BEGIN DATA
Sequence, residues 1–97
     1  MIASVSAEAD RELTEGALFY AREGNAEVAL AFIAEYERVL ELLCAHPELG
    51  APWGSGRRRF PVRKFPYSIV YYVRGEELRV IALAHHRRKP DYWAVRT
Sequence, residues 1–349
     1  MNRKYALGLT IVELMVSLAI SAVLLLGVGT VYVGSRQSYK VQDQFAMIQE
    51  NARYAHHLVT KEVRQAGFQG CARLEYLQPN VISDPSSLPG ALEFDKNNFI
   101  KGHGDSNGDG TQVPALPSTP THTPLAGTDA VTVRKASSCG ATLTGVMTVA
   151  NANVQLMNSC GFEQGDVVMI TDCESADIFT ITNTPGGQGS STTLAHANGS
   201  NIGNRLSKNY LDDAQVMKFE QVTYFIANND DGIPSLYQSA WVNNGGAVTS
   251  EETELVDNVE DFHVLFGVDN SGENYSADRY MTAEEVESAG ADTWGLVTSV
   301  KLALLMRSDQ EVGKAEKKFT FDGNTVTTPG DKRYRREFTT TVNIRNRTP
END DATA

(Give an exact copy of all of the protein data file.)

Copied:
Sequence, residues 1–97
     1  MIASVSAEAD RELTEGALFY AREGNAEVAL AFIAEYERVL ELLCAHPELG
    51  APWGSGRRRF PVRKFPYSIV YYVRGEELRV IALAHHRRKP DYWAVRT
Sequence, residues 1–349
     1  MNRKYALGLT IVELMVSLAI SAVLLLGVGT VYVGSRQSYK VQDQFAMIQE
    51  NARYAHHLVT KEVRQAGFQG CARLEYLQPN VISDPSSLPG ALEFDKNNFI
   101  KGHGDSNGDG TQVPALPSTP THTPLAGTDA VTVRKASSCG ATLTGVMTVA
   151  NANVQLMNSC GFEQGDVVMI TDCESADIFT ITNTPGGQGS STTLAHANGS
   201  NIGNRLSKNY LDDAQVMKFE QVTYFIANND DGIPSLYQSA WVNNGGAVTS
   251  EETELVDNVE DFHVLFGVDN SGENYSADRY MTAEEVESAG ADTWGLVTSV
   301  KLALLMRSDQ EVGKAEKKFT FDGNTVTTPG DKRYRREFTT TVNIRNRTP